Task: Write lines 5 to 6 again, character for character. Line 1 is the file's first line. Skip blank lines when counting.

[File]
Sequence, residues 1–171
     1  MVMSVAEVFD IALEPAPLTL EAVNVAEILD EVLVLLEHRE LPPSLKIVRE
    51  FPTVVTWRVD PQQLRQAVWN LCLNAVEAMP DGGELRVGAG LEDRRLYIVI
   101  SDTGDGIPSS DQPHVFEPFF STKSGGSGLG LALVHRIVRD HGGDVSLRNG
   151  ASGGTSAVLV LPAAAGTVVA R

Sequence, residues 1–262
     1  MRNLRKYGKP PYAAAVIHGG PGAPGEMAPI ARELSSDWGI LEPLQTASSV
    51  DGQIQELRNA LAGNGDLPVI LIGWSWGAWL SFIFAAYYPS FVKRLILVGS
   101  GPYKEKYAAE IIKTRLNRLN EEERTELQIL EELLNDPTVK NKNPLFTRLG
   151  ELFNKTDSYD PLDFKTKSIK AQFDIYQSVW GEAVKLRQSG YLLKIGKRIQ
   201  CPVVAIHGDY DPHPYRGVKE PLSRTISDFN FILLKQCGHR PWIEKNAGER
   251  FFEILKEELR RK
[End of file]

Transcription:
   151  ASGGTSAVLV LPAAAGTVVA R

Sequence, residues 1–262